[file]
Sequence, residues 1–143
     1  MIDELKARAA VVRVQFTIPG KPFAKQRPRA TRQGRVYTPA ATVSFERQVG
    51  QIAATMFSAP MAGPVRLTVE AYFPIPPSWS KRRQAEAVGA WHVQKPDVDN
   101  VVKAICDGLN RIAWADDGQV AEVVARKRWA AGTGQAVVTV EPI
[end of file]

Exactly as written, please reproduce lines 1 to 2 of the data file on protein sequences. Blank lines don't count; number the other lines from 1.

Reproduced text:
Sequence, residues 1–143
     1  MIDELKARAA VVRVQFTIPG KPFAKQRPRA TRQGRVYTPA ATVSFERQVG